5 Ingredients for Holiday Customer Service!

November 15, 2013

Customer service is one of the principal reasons we enjoy the Northwest like we do. Businesses and restaurants around the area usually offer pretty good service. In this still slower economy, service is the key differentiator against the competition for any retail and service business. As we head into the busy holiday season, customer service can often make or break a sale and the bottom-line.

It is often the reputation and the quality of the relationships that keep that businesses going as we head into the New Year. In establishments where careless mistakes happen, the customer who is unhappy can share the poor experience across social media, a disaster for the company in any case.

Unfortunately, clients seem to remember bad experiences more readily than the good ones, and they will tell a multitude of other people about the problems in great detail. Surprisingly, good experiences often never get a mention; although the great ones can often get you to the top of best reputation list.

Dale Carnegie Training offers five ingredients in service that make customers happy during the holidays and all year long:

  • Pay attention in a positive way: Business success and clients go hand-in hand. Focusing while on a call, or when at the counter using smiles and eye contact can indeed truly make the difference in the total experience. In a restaurant, just a wink or a wave to someone in line will give patrons additional patience until they can be greeted properly.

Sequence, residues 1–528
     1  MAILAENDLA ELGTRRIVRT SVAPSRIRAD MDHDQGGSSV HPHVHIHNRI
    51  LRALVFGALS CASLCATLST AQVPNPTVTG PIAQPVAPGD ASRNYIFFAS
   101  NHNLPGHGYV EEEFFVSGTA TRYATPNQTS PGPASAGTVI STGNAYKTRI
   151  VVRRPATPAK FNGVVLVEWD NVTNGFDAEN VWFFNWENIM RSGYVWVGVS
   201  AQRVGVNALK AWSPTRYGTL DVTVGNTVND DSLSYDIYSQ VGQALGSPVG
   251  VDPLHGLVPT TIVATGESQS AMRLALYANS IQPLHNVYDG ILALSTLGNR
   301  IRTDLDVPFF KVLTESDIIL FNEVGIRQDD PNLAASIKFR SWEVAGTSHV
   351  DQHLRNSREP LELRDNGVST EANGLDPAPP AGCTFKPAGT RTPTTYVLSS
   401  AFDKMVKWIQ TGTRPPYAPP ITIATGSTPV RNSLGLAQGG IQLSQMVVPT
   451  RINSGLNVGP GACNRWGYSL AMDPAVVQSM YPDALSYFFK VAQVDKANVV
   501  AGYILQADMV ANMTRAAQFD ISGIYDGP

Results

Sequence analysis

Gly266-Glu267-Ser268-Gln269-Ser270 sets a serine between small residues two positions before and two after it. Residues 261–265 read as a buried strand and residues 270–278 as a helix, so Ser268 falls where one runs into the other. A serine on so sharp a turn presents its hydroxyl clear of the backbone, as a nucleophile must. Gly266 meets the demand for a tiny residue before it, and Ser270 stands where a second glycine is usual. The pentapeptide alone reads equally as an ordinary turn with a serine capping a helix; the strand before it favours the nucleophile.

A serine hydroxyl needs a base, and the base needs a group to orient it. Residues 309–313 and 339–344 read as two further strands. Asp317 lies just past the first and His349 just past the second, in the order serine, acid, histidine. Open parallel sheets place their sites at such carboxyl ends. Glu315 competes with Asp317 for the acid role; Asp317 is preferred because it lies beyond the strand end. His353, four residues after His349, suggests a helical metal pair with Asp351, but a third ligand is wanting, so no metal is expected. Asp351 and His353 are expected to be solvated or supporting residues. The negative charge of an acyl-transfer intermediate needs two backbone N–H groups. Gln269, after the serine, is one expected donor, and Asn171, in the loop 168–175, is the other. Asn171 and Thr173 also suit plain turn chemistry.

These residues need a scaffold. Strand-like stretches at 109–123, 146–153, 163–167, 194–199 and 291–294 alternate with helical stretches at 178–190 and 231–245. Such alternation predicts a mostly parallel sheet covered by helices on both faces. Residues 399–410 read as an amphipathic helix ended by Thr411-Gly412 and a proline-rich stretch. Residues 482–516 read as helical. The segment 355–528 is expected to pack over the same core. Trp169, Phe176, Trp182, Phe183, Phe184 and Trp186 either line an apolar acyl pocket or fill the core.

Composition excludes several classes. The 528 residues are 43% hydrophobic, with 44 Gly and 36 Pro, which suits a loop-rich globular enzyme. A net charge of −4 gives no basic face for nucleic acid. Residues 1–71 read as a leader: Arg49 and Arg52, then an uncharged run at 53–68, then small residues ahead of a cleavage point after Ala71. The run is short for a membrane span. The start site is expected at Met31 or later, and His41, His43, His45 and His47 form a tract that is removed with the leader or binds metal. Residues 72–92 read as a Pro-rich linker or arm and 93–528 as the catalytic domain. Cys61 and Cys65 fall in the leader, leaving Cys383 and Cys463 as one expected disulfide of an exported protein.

• Use real people on the phone: A live person who can listen and help with client questions and concerns is essential in communication. People calling for a reservation, problem, or question need to be reacted to quickly; this is very important during the holiday season.
  • Be patient in every situation: Listening, understanding and control are true customer service virtues. Employees who are upbeat manage customers better. Employees must own the situation and manage it in positive ways.
  • Promise only what can be delivered: Honesty is indeed the best policy. Overpromising is always the flipside of under-delivering. Do what you can do and do it right every time. Consistency is critical.
  • Truth: No matter the issue or concern, always tell the truth. Presenting disinformation to satisfy a customer is never the right thing to do.  In time they will be back with a vengeance.

Good customer service is a continuous best practice. In your next pre-holiday employee meeting bring this post up. It is a recipe for increasing business and opportunity.


This post is brought to you by the good folks at Dale Carnegie Training Northwest, providers of professional development and management development courses and information in the Northwest. We’d love to connect with you on Facebook and LinkedIn.

Photo: stuart miles, freedigitalphotos.net


Tags: , , , , , , , , , , , , , , , ,

Leave a Reply

Your email address will not be published. Required fields are marked *